These students often came to her wanting to learn some catchall “Business Chinese.”
“They think they have a foundation because they can carry an easy conversation,” she said, “But they don’t. Because they do not know how to read but the most elementary characters. How can I teach you “Business Chinese” if you don’t even know how to read the basic characters for “buy” and “sell” or “before” and “after”?
“You’re already way ahead of most of them because you recognize many characters,” she said. “But you’re right. To get to the level all you guys want for furthering your careers? Yes, there is a lot of work to be done.”
I was even more grateful then – I’ve been grateful for a long while now – that my mom fought back and tiger mom-ed the shit out of me and my brother. Still, all that work and your daughter can barely read the Chinese newspaper. I recognize enough characters but not why they’re used this way here, or that way there. I’m learning now that there’s a whole other “literary” Chinese that’s still far far beyond my grasp.
“Don’t worry,” my mom said again. “You’ll have it in no time.”
We talked about some of the recent idioms I’ve learned while my dad occasionally hollered his two cents from the background.
“I know that one!”
“Do you know this one? (Insert Chinese Idiom here).” And went on to parse the characters while my mom and I try to hear each other.
“Does your teacher know your dad is also Shanghainese?”
“Your dad is also very loud,” my mom said, which made me wonder what his parents did to raise such a shouty, confident bro-type who unabashedly brings every conversation, whether he’s part of it, back around to himself.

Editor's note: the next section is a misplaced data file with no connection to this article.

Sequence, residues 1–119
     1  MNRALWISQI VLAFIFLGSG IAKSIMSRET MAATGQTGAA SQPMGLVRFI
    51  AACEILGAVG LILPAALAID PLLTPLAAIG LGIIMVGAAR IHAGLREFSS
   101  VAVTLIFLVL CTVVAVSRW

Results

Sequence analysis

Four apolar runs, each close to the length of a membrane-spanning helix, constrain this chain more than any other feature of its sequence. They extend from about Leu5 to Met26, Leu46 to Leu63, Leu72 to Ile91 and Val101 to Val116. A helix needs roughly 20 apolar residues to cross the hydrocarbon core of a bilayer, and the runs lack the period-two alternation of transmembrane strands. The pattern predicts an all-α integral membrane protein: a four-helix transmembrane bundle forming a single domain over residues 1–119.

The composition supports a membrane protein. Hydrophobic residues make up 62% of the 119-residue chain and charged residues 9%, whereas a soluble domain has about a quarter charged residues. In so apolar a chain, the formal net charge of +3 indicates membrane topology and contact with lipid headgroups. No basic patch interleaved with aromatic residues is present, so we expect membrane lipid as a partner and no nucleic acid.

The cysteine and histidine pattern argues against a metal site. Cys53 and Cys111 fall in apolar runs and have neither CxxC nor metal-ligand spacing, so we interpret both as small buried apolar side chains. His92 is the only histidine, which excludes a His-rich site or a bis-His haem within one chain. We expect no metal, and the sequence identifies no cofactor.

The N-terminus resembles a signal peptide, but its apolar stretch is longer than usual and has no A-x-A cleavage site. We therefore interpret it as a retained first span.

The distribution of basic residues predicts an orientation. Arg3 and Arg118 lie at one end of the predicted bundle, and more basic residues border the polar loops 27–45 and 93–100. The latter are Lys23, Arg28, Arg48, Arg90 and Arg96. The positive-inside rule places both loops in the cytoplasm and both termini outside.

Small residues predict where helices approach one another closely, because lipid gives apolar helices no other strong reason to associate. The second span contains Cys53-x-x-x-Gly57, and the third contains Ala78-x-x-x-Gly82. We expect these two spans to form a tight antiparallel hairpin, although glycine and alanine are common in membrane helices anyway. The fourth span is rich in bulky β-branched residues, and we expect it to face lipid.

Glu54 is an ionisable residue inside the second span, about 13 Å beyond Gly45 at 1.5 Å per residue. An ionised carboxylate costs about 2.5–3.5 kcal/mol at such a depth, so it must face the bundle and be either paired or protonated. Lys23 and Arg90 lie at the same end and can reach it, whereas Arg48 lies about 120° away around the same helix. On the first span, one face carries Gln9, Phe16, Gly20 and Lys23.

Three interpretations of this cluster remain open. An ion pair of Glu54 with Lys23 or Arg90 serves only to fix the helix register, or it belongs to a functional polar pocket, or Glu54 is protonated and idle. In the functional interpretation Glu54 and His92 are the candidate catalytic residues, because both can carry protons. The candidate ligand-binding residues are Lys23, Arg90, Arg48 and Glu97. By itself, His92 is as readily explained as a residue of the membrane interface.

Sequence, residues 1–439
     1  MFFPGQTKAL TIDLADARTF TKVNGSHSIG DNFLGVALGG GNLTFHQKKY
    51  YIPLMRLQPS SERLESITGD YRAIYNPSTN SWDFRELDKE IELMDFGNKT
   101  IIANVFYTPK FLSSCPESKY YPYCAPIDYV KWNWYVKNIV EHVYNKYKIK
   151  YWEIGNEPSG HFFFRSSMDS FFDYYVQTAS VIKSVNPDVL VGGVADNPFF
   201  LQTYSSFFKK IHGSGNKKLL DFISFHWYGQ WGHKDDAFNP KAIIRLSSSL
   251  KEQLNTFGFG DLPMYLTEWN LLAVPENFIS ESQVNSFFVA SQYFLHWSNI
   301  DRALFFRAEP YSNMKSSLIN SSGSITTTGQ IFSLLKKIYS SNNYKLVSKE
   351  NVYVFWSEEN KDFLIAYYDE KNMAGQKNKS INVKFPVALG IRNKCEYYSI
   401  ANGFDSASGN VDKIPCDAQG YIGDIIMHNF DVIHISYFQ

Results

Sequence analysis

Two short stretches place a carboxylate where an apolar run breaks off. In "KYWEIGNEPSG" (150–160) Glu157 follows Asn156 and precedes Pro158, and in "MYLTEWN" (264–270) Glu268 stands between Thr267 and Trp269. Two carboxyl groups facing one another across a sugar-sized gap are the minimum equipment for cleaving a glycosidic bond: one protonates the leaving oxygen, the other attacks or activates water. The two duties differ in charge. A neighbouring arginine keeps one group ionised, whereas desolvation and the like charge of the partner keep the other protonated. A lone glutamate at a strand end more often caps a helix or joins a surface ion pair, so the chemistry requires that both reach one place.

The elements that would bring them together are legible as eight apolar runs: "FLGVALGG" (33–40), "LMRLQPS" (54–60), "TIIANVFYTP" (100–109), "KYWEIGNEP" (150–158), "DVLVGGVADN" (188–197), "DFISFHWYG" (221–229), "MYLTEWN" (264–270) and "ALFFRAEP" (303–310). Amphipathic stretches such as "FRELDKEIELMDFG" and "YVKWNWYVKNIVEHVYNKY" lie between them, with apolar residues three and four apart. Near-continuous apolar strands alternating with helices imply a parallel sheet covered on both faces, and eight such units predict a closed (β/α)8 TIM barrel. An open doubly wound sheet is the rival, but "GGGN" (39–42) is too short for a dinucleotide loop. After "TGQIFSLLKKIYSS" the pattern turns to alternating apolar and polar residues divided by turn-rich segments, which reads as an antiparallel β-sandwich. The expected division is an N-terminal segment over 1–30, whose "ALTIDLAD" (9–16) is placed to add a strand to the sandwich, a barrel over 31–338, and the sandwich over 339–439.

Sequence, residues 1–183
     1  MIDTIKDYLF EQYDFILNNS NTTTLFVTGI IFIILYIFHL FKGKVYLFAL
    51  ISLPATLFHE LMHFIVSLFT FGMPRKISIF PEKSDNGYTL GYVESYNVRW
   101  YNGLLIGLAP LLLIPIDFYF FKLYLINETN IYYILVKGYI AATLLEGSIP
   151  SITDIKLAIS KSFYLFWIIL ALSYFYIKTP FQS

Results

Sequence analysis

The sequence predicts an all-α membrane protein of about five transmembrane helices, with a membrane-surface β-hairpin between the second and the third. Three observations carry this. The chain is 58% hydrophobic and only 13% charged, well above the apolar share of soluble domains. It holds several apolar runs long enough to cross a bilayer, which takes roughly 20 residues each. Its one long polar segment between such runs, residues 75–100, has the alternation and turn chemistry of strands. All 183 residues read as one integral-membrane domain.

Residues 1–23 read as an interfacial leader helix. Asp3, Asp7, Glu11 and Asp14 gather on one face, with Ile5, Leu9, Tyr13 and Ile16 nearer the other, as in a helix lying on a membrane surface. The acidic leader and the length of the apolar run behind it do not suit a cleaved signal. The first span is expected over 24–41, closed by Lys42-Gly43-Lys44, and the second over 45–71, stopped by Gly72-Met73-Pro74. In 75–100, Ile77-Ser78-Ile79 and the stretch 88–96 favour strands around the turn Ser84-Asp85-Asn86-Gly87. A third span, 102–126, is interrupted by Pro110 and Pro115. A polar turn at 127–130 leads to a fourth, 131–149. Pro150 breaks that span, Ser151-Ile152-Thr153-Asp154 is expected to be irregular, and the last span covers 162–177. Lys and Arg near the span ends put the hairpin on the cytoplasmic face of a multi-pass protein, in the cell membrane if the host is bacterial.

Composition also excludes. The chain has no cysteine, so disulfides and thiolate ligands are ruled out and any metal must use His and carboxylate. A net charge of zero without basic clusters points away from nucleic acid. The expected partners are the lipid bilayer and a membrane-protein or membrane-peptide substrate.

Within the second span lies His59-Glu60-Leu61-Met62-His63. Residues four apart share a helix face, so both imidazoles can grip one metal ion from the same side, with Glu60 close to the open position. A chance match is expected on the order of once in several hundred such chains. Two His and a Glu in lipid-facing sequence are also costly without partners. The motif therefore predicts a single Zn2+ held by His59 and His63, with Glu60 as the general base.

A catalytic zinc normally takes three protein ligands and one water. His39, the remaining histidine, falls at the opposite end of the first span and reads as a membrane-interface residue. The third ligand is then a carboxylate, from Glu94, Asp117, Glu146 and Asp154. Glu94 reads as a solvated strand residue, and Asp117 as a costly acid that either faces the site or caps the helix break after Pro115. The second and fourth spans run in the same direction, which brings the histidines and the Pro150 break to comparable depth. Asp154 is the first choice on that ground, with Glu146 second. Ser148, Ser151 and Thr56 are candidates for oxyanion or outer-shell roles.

One idiom, 竭盡全力 jie2 jin4 quan2 li4, means to strain every nerve or to try one’s best. I asked my mother if I could apply it to learning Chinese, though as yet, I’ve not strained any nerves or, if I’m being honest, tried my very best.
“Hm, not really,” she said. “I think it’s a little extreme to apply to learning Chinese.”
Then she surprised me with this suggestion: “Why don’t we set up a time for you to read some Chinese to me everyday? You can send me a Chinese article and we can read it together over FaceTime.”
My mom has been increasingly hard to reach. Via phone, text, and sometimes, even in person while I’m standing right in front of her, I can feel her attention floating away if it was ever present at all. But when we talk about my learning Chinese, she’s there in full, minus the tiger mom parts I feared when I was younger. I often worry she’s spending too much time on her iPad and it’s been years since I’ve seen her read a book, but when we talk about Chinese, she is the book. She knows the stories behind the characters and the idioms and, by the time my brother and I had escaped the drudgery of our at home Chinese exercises, thanks to high school extracurriculars and whatnot, she’d perfected her strategies to teach what she knew to students older and wiser than us and who actually wanted to learn.
Now a decade and a half later since I last set foot in a Chinese classroom, I’m at it again and lucky my mom still hasn’t given up on my learning Chinese. And this is the one true benefit, even more important than “business Chinese”. I want my kids to learn so they can speak with my parents, their grandparents, to get my dad’s bad jokes and my mom’s sharp sarcasm. For them to know why I am the way I am. Whether Chinese is important to them I’ll let them figure out, but for me, those are the main reasons I’m willing to put in the time.
“That would be really great,” I said. We set a regular time for Monday through Friday with the understanding that sometimes life gets in the way but the intent to keep at it at least until the baby comes.
My dad made some noise, asked for his phone back.
“I have to go and buy the pizza,” he said to my mom. And I smiled, wishing that in a few hours I could join them, a bunch of Chinese-Americans tucking into an Italian Mooncake.